Bernina

Founded in 1932, Bernina invented the first hemstitching machine. Since then, they’ve focused their efforts mostly on creative sewing.


Today, their computerized machines and creative software are great tools for those who love to quilt, embroider, and do other types of creative sewing.

How Does a Sewing Machine Work?

Now that you know all about sewing machines, how does a sewing machine work? The process is a bit complex. It requires a series of gears and pulleys to create stitches. Unlike with hand sewing, a sewing machine uses loops to create stitches.

Chain stitches create loops that hold previous loops in place. These are the simplest loop stitches but aren’t especially sturdy. Most machines create a lock stitch, which is a much stronger stitch and uses two pieces of thread.

For lock stitches, the needle still leaves a small loop of thread underneath the fabric. However, that loop gets caught and wrapped around the second thread underneath, locking the stitch, rather than pulled directly through the previous loop like a chain stitch. The needle comes back up, pulling the thread tight and locking the stitch, and the process begins all over.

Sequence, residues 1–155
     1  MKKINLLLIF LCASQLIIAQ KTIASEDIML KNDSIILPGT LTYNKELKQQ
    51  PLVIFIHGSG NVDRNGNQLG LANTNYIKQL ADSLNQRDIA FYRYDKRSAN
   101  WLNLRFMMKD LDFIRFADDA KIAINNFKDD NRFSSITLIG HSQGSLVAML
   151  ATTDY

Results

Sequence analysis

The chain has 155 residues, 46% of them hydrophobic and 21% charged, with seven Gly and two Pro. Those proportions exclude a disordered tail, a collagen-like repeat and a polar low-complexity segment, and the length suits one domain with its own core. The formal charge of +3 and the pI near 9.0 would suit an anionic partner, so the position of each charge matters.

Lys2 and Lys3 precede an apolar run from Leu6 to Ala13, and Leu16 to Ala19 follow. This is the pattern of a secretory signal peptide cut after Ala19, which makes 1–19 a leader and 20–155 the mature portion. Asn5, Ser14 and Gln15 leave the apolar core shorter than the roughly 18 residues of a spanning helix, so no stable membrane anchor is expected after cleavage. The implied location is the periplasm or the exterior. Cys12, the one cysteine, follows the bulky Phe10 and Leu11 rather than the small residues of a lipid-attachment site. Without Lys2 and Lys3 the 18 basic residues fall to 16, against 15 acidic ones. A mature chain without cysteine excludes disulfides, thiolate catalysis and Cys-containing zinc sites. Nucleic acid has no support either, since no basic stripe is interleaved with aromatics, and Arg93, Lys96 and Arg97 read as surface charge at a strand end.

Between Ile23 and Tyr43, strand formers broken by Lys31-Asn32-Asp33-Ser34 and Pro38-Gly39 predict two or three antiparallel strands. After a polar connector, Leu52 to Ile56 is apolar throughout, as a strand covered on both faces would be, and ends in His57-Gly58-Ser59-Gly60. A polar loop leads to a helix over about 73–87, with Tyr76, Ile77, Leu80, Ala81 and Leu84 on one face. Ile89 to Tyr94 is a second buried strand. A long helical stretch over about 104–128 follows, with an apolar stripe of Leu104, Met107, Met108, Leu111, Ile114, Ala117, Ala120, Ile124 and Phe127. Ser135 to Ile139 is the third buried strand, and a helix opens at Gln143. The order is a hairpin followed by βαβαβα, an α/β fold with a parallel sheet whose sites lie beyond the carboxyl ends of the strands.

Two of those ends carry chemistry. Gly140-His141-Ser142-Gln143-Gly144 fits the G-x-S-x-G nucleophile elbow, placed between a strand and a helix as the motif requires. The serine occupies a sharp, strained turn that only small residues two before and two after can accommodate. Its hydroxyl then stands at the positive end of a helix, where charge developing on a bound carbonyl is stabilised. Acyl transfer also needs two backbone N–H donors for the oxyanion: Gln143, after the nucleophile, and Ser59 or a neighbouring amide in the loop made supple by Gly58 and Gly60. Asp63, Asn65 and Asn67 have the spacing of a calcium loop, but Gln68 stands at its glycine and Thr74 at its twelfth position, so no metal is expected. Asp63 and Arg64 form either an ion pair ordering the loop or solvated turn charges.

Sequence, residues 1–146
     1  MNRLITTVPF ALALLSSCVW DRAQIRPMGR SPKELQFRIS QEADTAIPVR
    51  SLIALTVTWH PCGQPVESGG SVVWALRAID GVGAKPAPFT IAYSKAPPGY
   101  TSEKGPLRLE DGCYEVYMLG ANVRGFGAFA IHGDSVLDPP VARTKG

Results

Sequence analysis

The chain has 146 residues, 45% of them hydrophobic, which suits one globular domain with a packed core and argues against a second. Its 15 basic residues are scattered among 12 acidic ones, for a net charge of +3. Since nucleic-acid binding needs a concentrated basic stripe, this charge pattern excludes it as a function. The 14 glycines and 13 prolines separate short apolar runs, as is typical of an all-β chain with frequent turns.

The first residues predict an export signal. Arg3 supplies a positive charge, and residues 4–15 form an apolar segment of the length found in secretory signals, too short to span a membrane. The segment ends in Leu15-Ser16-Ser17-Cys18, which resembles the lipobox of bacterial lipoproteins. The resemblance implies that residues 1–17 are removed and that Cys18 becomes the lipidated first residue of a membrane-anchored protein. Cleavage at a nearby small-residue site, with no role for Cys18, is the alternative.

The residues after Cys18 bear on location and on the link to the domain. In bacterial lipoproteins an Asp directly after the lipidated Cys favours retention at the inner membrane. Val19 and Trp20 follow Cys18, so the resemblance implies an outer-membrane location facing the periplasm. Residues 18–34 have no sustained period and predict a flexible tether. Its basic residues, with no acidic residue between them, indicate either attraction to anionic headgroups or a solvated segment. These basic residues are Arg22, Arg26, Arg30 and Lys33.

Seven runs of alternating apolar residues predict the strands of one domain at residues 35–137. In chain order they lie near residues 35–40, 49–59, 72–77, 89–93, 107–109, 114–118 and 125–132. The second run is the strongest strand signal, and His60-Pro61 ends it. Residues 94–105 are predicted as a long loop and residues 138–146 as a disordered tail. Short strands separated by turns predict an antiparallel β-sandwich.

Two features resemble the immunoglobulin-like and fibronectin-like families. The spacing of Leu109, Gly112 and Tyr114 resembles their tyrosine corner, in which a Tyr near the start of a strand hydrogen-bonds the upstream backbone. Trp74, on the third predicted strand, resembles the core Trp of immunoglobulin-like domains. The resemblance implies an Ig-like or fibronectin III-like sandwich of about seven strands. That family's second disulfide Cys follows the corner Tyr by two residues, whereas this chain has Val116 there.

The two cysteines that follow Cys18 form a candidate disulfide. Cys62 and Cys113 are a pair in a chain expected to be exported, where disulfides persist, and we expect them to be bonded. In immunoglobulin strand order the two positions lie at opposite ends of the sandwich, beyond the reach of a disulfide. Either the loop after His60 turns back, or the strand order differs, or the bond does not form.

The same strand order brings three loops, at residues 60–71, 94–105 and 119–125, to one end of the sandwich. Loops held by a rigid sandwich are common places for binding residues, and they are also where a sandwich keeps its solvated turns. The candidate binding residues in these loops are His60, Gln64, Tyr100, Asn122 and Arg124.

All of this happens in the blink of an eye as the presser foot holds the fabric down and the feed dogs feed it through. To learn the full intricacies of a sewing machine’s mechanisms, click here.

What Can You Do with a Sewing Machine?

If it involves sewing, then you can usually use a sewing machine to make it easier and faster. Trying to make your own clothes? There’s a machine for that. Do you enjoy quilting? There are machines for that, too.

Basically, you can do anything.

How using a sewing machine makes your work easier